WASHINGTON—Advocates for government-operated broadband networks and many progressive lawmakers often call for extreme steps to transform the U.S. broadband system because, they claim, the country needs universal broadband networks capable of gigabit-per-second speeds. “This is mythmaking of the highest order,” according to a new report released today by the Information Technology and Innovation Foundation (ITIF), the leading think tank for science and technology policy. The paper, which is the first in a new series examining misconceptions about broadband policy, takes a close look at the most common arguments for an all-fiber network and finds they rest on a series of false premises and faulty analysis.
“All else being equal, more bandwidth is better than less—and investment that drives fiber deeper into access networks is welcome—but there is no real need for radical change to the competitive system that continues to expand network capacity,” says Doug Brake, ITIF’s director of broadband and spectrum policy and lead author of the report. “Today’s high-bandwidth applications require significantly less than a gigabit per second. The economic benefit from dramatically higher speed is negligible.”
The new ITIF report explains there are no current applications that require gigabit-per-second speeds, so demand for additional speed drops off quickly after a certain point, even in countries with widespread fiber infrastructure. Nonetheless, the U.S. market-based system continues to invest to improve capacity. Both cable and telcom providers lay fiber where it makes Most sense from an economic standpoint.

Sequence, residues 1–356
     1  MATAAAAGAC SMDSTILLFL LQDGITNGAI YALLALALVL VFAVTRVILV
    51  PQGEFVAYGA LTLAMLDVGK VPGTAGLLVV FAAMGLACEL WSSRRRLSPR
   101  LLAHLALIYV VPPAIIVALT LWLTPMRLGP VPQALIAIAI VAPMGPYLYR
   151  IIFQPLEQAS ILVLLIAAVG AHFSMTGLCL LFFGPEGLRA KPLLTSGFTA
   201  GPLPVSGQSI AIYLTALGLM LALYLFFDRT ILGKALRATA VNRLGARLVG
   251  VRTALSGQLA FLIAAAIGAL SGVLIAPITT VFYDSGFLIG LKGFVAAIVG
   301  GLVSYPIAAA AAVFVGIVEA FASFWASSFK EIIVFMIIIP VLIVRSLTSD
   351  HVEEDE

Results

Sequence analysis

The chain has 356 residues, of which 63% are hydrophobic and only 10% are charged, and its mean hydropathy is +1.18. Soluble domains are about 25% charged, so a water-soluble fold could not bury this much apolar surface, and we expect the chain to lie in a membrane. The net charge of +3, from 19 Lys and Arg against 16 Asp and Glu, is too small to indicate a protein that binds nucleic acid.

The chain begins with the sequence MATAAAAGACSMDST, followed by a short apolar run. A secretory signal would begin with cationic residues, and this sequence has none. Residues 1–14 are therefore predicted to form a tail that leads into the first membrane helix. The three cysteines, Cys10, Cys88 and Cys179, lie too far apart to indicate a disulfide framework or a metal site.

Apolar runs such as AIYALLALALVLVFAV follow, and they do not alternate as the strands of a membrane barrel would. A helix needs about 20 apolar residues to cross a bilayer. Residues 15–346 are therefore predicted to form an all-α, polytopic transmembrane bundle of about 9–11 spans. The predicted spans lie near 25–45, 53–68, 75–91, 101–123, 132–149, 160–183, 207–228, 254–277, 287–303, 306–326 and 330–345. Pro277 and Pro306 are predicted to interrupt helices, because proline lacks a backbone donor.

Applications like holograms at some point may require extreme speeds, but current network capacity expansion is on pace to accommodate these uses. In the meantime, extreme speeds are only needed for large, high-resolution transfers, and it would be detrimental to shift to government-owned infrastructure across the country to ensure broadband advances.
“Overall, wanting gigabit fiber networks everywhere is like saying we should invest hundreds of billions of dollars to design our freeways so cars can drive 600 miles per hour, even though cars can’t go that fast,” adds Brake. “Bandwidth needs are reaching a plateau at the moment, roughly following the speeds required to stream high-definition video. The ‘national imperative’ of universal gigabit broadband is simply a myth.”